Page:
A recent hazard tree project completed by our company reminded me of the advantages of working ponies versus larger draft horses. The project site was one where we have worked several times before. Our job was to remove standing dead timber from around an historic cabin. There is no road access to this place, so using conventional logging equipment is out of the question, which is why the ponies have helped us nearly every time we’ve worked there.
Taking the ponies to this place still has its logistical challenges. While we can pull the horse trailer to within a quarter mile, turning it around is another matter. We had to drive an extra half an hour down the road and back in order to find a place with the right dimensions to turn it around. I was very thankful for its relative small size, facilitated by having smaller equines, as it was still tough to find a place where we could get headed back out again.
The historic cabin where we worked sits on a lakeshore, with the road about 200 feet above it. The quarter-mile-long access trail down from the road to the cabin is quite steep and narrow. I was thankful for the agility and sure-footedness of my pony friends, as well as their small size, as we worked our way down single file between trees and over and around rocks and logs.
The work site is quite constrained, with the lake on one side and marshy areas on two of the three others. Within the domestic area there are three structures as well as boats, a boat dock (pulled out of the lake for winter storage), a firepit, and other features. Most of the downed timber in the domestic area had to be skid around various obstacles and stacked in only a few places. The last area we worked had the additional challenge of dealing with trees that had been blown down. Not only did they fall in less-than-ideal directions but the root wads took up space that we might have been able to use for skidding. I was very thankful, then, for the small turning radius of my ponies because we often were nearly pirouetting with me holding the singletree and log chain in the air to get in position for each skid.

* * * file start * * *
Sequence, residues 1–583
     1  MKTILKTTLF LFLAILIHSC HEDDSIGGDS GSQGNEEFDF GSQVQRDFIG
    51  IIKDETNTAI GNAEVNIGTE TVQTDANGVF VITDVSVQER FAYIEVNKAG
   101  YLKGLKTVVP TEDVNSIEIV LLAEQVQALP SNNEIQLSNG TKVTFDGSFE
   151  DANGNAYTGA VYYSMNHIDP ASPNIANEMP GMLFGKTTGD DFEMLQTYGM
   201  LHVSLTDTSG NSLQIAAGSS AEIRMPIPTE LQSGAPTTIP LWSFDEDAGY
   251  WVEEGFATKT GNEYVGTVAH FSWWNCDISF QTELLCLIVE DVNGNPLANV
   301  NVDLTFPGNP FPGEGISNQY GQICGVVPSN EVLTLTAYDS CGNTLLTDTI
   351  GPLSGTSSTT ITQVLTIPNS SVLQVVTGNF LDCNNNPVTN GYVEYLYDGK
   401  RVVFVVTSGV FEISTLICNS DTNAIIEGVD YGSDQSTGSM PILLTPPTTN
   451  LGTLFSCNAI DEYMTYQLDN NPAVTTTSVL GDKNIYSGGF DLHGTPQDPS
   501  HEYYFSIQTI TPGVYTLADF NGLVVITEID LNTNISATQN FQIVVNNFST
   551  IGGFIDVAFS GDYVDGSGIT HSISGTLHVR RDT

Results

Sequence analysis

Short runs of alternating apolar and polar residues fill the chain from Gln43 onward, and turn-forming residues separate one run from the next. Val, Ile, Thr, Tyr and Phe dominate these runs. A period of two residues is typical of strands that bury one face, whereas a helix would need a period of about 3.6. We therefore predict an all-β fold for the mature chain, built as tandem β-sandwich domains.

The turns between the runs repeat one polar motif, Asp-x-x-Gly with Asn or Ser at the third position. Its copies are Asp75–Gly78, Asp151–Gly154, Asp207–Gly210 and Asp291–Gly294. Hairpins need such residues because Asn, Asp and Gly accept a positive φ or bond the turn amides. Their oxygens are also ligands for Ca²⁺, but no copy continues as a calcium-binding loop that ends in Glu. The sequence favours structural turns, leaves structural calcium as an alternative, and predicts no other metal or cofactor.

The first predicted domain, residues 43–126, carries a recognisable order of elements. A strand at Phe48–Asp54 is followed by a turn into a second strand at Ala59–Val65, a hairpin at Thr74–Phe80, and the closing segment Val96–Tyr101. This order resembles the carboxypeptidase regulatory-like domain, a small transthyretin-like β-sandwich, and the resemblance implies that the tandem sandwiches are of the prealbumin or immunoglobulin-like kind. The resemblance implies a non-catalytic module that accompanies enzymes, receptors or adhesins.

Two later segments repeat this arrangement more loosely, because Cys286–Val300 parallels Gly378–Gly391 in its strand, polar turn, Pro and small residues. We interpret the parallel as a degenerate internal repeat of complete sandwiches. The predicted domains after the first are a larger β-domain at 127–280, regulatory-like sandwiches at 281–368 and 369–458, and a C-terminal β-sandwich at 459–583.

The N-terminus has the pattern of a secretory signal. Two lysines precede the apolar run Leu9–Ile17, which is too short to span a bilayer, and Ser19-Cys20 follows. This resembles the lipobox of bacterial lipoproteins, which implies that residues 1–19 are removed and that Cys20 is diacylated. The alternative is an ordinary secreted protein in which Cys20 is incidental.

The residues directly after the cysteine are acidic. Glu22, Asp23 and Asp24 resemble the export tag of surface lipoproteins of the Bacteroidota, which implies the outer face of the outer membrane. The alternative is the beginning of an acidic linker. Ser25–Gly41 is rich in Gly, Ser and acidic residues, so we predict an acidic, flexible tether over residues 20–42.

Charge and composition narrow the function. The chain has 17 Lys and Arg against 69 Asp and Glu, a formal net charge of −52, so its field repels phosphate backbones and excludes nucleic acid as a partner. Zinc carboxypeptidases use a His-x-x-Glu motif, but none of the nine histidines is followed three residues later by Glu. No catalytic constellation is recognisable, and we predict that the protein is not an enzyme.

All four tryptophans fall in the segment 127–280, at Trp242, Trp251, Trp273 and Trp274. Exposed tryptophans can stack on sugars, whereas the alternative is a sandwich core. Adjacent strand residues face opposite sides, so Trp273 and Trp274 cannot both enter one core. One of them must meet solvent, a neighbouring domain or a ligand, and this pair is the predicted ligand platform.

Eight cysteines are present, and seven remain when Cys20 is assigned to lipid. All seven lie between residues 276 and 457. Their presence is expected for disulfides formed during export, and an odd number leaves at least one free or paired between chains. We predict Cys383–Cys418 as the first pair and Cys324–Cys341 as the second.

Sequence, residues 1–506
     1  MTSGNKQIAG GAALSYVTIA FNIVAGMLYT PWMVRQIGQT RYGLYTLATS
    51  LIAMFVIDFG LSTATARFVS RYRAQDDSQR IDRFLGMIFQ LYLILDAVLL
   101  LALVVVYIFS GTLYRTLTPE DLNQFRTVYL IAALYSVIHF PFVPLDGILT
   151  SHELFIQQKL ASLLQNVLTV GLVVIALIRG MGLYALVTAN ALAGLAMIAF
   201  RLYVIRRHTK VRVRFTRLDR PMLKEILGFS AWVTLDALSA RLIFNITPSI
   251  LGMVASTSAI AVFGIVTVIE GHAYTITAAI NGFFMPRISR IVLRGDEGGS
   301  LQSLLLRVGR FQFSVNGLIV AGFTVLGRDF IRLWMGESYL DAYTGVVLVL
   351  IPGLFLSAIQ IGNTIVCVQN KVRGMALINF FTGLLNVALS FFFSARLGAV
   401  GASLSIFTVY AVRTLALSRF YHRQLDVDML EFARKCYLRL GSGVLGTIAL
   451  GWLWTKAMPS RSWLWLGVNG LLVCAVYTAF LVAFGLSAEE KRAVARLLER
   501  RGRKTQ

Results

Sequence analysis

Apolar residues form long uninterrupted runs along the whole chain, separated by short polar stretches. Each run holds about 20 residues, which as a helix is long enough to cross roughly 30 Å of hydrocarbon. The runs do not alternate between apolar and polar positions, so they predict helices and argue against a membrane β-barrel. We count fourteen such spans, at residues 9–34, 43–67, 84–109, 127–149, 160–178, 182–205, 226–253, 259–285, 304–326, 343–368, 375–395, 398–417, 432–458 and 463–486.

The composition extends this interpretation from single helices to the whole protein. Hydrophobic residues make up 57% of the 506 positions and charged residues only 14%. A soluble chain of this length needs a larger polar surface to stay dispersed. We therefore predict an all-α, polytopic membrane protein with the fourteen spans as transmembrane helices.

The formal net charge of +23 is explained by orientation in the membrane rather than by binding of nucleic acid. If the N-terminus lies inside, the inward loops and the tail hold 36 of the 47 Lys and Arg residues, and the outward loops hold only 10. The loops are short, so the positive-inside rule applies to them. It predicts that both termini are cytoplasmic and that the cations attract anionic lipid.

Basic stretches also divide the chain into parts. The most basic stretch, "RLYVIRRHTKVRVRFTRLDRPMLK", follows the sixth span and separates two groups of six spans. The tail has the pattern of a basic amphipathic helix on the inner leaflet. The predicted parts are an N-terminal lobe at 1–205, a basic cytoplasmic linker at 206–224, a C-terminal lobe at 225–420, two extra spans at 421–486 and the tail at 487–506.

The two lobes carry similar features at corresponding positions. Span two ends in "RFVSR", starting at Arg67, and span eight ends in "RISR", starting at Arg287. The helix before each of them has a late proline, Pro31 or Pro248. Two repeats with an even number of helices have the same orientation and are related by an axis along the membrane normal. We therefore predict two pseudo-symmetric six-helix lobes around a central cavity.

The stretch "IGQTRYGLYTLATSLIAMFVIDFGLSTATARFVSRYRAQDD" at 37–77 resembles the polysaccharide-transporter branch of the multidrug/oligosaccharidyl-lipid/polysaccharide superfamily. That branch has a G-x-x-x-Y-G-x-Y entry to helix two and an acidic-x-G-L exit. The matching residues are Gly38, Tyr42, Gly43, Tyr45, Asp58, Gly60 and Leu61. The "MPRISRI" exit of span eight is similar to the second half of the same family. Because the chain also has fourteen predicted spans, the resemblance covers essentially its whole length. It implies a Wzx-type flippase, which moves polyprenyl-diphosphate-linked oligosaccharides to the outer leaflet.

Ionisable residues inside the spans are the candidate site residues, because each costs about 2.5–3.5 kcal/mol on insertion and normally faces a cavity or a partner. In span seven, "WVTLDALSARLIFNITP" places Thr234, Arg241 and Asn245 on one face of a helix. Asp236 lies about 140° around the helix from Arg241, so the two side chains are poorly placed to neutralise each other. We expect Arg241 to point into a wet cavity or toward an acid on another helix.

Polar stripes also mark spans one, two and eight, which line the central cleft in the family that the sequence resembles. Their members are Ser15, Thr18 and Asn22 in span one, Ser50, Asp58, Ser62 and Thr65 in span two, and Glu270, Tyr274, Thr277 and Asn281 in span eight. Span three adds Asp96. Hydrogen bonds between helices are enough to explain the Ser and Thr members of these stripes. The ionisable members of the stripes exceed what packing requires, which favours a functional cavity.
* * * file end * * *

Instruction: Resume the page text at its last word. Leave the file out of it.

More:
For the past several weeks, I’ve been thinking about the question ‘why work ponies?’ This project, with the need to transport the ponies to a backcountry location, its steep narrow access trail, and its constrained physical layout, was a great example of a good fit for working ponies. I’m so fortunate that we can use the ponies in this way and that my pony partners are so willing!
© Jenifer Morrissey, 2015